Information Assurance requires the practical combination of approved technology, adequate and appropriate training, understanding of all relevant rules and regulations and the common-sense use of Best Business Practices (BBPs). Unfortunately, there is one very common activity that makes BBPs all but useless: Some people do not follow them.
It is a good thing Dr. Stanton D. Sloane loves the thrill of the hunt. As president and chief executive officer of SRA International Incorporated, Sloane will be scouring details of the $787 billion federal fiscal stimulus package and the new administration’s upcoming defense budgets for additional sources of revenue.
Virtual collaboration is both the now and the future for communications among people in many walks of life. For the military community, the continued immersion in network centricity allows and demands more methods of online information sharing. The process saves time, resources and most importantly, lives. The civilian sector is experiencing increasing chances to collaborate in the virtual realm as well, and the two factions’ technologies and practices increasingly are overlapping. The Naval Postgraduate School has dedicated an entire institute to various methods of virtually connected communications, and its director sees almost unlimited room for growth and advancement in the area.
It currently is difficult to make it through a day in government circles without somebody talking about transparency. It was an ongoing theme in then-Sen. Barack Obama’s presidential campaign, and it was conspicuously the first executive order signed by President Obama on January 21. But the word is something akin to a Rorschach test—everybody sees transparency very differently. Each person has very different ways of defining what transparency means and how it can be implemented.
Our 145 chapters and subchapters are the heart of AFCEA. The chapters are the primary interface with you—our membership—and multiple surveys have told us that member satisfaction correlates most closely with the experience a member has in his or her chapter. The chapter is your primary collaboration and networking group, and it is the closest touchpoint for AFCEA services.
The military is aggressively seeking help from industry to satisfy its technical requirements, and the need for private-sector support will grow as supplemental funds dry up and budgets are reduced. The U.S. Defense Department, its partners and allies especially are seeking technologies that will break down barriers to information sharing as well as products that eliminate networks and hardware, particularly boxes and wires.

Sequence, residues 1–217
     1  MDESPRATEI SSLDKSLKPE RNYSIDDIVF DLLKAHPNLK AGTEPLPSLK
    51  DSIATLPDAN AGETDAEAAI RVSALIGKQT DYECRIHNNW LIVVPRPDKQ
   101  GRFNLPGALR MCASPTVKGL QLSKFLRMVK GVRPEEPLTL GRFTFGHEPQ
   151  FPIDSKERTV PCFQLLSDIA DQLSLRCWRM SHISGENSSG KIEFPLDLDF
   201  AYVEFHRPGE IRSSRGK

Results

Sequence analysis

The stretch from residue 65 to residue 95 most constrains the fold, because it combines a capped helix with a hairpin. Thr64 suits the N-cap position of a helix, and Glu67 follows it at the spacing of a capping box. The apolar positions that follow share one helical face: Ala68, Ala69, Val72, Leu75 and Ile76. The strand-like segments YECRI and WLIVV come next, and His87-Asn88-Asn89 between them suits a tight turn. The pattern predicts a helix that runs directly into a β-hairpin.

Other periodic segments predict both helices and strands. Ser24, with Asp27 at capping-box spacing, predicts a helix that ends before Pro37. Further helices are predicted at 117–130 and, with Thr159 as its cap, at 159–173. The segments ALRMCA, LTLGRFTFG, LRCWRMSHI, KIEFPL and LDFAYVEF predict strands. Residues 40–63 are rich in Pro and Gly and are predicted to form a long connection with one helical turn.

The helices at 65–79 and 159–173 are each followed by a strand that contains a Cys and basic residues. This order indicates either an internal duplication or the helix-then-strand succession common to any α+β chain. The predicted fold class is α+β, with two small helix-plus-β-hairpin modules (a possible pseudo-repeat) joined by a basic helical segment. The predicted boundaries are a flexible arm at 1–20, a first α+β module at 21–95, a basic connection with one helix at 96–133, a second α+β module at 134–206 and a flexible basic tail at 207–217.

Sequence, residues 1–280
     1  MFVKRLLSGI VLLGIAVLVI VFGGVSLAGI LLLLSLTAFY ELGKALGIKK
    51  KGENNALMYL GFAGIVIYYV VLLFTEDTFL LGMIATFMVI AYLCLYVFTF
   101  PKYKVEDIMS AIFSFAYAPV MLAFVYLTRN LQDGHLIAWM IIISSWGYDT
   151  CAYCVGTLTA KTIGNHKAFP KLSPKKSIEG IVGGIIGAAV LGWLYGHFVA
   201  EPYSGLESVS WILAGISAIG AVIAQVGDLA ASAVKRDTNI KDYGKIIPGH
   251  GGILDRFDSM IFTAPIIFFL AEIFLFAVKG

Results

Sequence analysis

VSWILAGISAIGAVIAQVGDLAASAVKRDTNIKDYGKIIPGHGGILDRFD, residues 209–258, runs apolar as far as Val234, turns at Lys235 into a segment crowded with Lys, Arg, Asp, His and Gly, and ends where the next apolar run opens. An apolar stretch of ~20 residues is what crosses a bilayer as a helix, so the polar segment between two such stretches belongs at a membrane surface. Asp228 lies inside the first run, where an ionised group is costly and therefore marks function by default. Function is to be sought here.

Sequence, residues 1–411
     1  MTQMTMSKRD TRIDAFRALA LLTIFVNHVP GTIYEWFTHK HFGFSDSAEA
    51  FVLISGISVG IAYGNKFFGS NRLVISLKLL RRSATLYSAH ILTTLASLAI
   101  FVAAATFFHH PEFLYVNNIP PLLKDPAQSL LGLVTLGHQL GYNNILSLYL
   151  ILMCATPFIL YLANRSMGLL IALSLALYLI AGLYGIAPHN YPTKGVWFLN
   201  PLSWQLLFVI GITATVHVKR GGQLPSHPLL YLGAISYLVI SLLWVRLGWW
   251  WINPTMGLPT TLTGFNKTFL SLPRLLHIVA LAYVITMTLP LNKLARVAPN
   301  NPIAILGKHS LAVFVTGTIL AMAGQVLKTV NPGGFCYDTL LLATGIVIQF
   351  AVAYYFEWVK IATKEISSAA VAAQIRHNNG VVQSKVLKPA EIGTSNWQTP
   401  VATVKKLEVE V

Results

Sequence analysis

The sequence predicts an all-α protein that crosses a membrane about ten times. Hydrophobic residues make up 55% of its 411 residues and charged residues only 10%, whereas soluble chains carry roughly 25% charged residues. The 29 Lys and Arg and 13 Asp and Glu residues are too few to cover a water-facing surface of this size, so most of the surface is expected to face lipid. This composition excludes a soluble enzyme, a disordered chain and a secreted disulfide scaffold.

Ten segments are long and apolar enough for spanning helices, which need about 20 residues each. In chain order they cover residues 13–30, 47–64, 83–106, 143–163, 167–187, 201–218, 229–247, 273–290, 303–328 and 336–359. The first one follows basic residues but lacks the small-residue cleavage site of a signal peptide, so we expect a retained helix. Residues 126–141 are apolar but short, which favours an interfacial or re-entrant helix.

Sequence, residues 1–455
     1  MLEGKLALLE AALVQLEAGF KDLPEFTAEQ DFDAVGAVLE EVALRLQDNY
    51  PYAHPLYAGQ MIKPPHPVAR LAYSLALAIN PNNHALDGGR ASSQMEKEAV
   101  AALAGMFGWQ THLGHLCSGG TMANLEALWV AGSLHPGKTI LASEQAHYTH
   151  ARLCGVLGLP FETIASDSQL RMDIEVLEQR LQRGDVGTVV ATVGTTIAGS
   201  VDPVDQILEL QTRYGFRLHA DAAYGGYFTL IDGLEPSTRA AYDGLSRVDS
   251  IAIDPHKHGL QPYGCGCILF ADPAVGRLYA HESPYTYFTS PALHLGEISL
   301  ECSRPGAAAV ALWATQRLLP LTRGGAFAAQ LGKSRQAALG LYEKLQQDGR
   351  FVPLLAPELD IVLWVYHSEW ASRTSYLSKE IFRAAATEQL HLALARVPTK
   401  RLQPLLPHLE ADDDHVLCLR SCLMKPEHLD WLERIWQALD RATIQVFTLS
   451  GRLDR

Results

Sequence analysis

Germany is building public-private partnerships and is utilizing nongovernmental organizations to establish good working relationships between industry and the military. Direct links between uniformed forces and the commercial sector are sharply restricted by statute, but all parties are working within the law to improve the quality of services and technologies the military receives from industry.
Germany’s defense electronics industry is in a state of flux. Consolidation and internationalization have changed the way companies conduct business with national and foreign customers. Local firms must band together to work with and compete against large multinational consortia for government contracts. Within this shifting landscape, the industry is poised to take advantage of these changes by expanding into new domestic and overseas markets.
Germany’s operations in the coalition supporting Afghanistan are helping reshape a force transformation that is well on the way to bringing the NATO nation military fully into the network-centric world. The harsh and complex environment of the Southwest Asian battleground has re-emphasized some traditional approaches and illuminated others that will require changing the country’s military procurement.
A communications system that is powerful enough to have seen military action in Afghanistan and versatile enough to have supported international humanitarian efforts also is small enough to be checked as airline baggage. The equipment supporting this capability includes an inflatable ball antenna combined with a flexible dish that comes in two sizes. The system is geared primarily toward short missions, but it can be used for months at a time or as a backup to larger systems when antennas need refurbishment.